Short version of my story (Long version follows) I am a mainframe programmer/contractor using COBOL/DB2/CICS. I want to move into the world of OO using JAVA mainly in applets. I have a 4 year degree with 15 years of experience. I have been taking classes at a technical college here in Memphis, TN. to learn OO programming. I have decided that JAVA is what I want to focus on. I am currently learning all I can and plan to get certified later this year. Part of my problem is I am a contractor and it is hard to get new experience in something you have not already done. Also whenever a perspective employer looks at my resume, they want to hire me as a Mainframe programmer. I have decided the best strategy would be to find a full-time job with a company that has both mainframe COBOL and JAVA, prove myself, and look to move into the JAVA department. I am also open to taking an entry-level job as a JAVA developer even though this would be a pay-cut. I would appreciate any advise or stories that anyone can share to help me on my way. Long Version I started out in Programming in 1986 working with PC's. This was mostly assisting users and I wanted to get into Mainframe programming. I finally did in 1988 and have been doing it ever since. I have found that to learn a new skill, I had to teach myself. The only skills I picked up in college were COBOL and JCL. I learned DB/2 and CICS on my own and finally got on the job experience. I entered the contracting world in 1991 after being laid off from my job. It was rough going at first but I eventually got enough experience to keep myself busy all the time. Aroung 1998 I decided that after Y2K, it would be wise to finally start making the move to PC programming. I will confess, I have always liked MS Windows. This is from a guy who cut his PC programming teeth on DOS. If you want to try something fun, try building a complex directory structure using only the DOS line prompt and you will see why I liked Windows so much whem it came out. I know there is a lot of anamosity towards MS but over the years I have learned there is no perfect system, nor is there one system that everyone will love. So forgive me for mentioning the dreaded MS in a JAVA forum. My decision to move to PC's from Mainframe was influenced by my familiarity with Windows, and the fact that the majority of changes happening in the data processing world were in PC's. At the technical college here in Mamphis, I have taken C, Visual Basic, Access, C++ and JAVA. When I got into OO and the light bulb finally went off, I decided this is what I wanted to do at this stage in my career. I also came to the realization that I needed to focus on one or two things. You see, when I started in programming, there were only a handful of languages. There was no INTERNET, no LANS, only 3-4 languages, so you could try to learn a littla about it all. Now I have decided that JAVA is my favorite and alas, even though I like MS Windows, I will need to go into a UNIX operating system, which is fine. I want to do web programming as I also dearly love the INTERNET. In my present contract, we are converting a legacy database to ORACLE and I should be getting my feet wet with ORACLE. I have also found that all my years of experience make learning the new things easier. For instance, I have used IF/ELSE, for loops, arrays, etc. for years so the real learning is going from structured, top down, linear programming to OO with classes. Also I know a lot about the business world and how a lot of data processing shops work. As for my job hunt, I plan to finish this current project, and then my wife and I want to relocate to Florida, preferably the Orlando area. I am from Florida and my wife loves warm weather. I hope this post isn't too long but I wanted to give more info to anyone who wanted the long verson of my story. Any advise and stories would be helpful.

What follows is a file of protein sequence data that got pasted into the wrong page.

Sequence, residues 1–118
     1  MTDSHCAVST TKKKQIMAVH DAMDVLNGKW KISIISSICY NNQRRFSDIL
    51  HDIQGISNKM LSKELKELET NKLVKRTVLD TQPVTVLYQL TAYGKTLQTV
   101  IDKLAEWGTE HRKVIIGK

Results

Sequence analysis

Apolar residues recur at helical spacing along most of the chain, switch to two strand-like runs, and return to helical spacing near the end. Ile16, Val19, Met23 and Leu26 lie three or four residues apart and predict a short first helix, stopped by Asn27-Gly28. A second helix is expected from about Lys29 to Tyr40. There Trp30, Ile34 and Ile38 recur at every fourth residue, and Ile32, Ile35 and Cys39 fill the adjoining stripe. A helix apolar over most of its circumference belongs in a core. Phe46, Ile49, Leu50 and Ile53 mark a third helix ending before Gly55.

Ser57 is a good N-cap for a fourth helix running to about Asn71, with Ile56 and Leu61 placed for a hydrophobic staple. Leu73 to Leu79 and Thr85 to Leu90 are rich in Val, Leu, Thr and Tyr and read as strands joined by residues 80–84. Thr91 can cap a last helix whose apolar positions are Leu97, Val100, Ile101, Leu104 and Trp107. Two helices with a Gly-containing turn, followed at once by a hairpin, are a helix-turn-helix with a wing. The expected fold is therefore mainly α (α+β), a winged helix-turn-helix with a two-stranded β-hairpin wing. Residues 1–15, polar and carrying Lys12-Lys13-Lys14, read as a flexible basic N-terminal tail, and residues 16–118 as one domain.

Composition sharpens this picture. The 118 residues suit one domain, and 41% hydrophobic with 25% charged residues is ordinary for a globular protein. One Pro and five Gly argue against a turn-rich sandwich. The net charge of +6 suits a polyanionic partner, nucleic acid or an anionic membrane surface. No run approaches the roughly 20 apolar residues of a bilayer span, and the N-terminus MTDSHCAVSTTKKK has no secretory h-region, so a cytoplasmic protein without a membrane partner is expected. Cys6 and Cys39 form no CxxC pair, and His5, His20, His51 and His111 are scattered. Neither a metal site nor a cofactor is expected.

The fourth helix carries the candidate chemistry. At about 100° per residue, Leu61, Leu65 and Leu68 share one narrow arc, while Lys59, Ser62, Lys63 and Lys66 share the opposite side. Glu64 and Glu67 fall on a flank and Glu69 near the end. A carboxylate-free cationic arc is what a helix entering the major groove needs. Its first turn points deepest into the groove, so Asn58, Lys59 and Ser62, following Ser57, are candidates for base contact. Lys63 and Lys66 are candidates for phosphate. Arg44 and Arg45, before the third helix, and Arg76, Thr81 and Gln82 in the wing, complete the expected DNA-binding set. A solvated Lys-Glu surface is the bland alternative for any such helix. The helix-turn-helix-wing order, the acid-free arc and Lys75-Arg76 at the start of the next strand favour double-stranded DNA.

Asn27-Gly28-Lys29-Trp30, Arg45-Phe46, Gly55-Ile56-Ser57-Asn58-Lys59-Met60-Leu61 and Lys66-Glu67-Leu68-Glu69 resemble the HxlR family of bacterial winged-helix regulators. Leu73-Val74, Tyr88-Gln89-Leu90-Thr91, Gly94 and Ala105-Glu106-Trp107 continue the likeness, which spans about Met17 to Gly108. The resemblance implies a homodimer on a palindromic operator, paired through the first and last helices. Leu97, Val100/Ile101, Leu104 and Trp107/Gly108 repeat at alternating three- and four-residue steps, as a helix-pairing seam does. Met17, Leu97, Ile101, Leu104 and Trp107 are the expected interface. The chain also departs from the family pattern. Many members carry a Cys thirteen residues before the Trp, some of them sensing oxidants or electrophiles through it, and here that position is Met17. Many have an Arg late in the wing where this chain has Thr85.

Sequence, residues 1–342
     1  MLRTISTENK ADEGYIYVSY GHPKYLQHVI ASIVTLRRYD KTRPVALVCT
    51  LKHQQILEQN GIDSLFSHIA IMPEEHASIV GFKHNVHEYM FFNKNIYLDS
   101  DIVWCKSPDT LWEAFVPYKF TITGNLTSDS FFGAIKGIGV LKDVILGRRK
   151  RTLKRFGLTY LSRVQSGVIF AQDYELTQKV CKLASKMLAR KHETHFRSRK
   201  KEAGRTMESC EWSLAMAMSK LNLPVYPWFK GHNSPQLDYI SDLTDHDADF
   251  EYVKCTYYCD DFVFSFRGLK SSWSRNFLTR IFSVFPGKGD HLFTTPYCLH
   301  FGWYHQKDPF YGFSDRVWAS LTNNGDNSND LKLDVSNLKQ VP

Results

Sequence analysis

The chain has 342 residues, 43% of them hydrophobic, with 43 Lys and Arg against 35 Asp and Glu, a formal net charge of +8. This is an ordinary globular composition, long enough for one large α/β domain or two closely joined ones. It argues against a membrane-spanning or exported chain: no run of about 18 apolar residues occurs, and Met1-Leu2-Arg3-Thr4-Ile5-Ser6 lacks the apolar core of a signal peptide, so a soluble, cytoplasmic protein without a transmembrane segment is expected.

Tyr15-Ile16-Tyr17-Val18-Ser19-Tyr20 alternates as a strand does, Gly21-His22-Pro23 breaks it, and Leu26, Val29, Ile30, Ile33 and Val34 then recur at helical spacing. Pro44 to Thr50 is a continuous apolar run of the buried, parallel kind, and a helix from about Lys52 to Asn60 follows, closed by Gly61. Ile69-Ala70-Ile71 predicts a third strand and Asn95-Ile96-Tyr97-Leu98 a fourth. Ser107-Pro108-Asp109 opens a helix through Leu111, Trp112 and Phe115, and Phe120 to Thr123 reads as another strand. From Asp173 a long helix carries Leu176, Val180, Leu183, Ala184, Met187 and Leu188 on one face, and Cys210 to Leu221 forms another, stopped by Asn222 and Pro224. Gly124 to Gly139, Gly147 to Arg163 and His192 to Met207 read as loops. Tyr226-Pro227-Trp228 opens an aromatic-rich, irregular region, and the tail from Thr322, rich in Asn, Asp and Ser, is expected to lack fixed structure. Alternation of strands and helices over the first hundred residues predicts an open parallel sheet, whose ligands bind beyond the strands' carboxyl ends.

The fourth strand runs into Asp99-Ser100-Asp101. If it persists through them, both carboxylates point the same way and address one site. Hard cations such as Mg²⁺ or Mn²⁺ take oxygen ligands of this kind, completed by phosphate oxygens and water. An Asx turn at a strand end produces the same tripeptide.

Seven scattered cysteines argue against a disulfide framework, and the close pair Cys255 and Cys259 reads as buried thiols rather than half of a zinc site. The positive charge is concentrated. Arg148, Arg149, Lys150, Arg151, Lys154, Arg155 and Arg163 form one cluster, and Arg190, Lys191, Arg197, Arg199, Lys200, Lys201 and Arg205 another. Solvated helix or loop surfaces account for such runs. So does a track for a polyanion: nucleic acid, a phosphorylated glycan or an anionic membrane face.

Actually, moving into the JAVA world doesn't necessarily mean you will be using any UNIX type OS. Many enterprise servers are run on NT based systems. In my environment we use ORACLE, and IPlanet Web Server and LDAP running on NTs. Still, I think learning UNIX is invaluable and will only serve to help you. Just wanted to let you know that getting into Java doesn't mean abandoning Windoze. Based on what you said, I would definitely leverage your Database experience and make it work for you. Get into JDBC, servlets, JSP, and possibly EJB as a start (and also probably in that order). On your resume emphasize your database experiences, particularly the ORACLE. I think there is a personal/trial/development addition of ORACLE that you can download. It might not be a bad idea to download that and figure out how to interact with it via JDBC. When you put on your resume that your professional ORACLE experience, and you also put on your resume that you know JDBC, the person reviewing your resume may very likely make a linkage between the two (as in assume your professional experience with ORACLE involved JDBC). Naturally don't lie, but they are free to make any assumptions they want. On another note, I don't know how true this is, but I've heard that many companies plan to migrate their legacy COBOL applications to Java. If you can find anyone doing this, this would probably be a great way to get your foot in the door, based on your COBOL experience.